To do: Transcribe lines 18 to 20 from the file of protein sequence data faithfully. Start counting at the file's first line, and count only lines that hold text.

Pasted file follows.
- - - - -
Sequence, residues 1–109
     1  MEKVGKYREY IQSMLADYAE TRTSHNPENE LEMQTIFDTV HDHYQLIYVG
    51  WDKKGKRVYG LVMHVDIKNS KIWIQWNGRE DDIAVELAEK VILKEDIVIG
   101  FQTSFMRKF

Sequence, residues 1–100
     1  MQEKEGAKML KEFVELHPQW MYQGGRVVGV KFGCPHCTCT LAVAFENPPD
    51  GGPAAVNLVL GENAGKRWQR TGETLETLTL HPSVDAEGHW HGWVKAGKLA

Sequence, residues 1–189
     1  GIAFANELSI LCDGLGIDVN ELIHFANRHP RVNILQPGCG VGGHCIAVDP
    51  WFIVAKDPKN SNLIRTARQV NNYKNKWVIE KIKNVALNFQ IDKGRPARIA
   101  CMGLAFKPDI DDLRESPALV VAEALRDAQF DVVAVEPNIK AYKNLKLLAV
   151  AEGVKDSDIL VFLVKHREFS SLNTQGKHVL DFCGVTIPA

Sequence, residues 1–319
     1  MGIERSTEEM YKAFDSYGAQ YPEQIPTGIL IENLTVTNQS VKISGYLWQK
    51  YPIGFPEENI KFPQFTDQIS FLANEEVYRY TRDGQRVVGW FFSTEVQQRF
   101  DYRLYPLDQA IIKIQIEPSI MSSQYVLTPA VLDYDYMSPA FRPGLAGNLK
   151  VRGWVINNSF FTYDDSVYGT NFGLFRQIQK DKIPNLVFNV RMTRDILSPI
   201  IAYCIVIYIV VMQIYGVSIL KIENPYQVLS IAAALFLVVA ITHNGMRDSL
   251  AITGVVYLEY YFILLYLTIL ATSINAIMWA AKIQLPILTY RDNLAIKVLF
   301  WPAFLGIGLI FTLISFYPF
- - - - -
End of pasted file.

   201  IAYCIVIYIV VMQIYGVSIL KIENPYQVLS IAAALFLVVA ITHNGMRDSL
   251  AITGVVYLEY YFILLYLTIL ATSINAIMWA AKIQLPILTY RDNLAIKVLF
   301  WPAFLGIGLI FTLISFYPF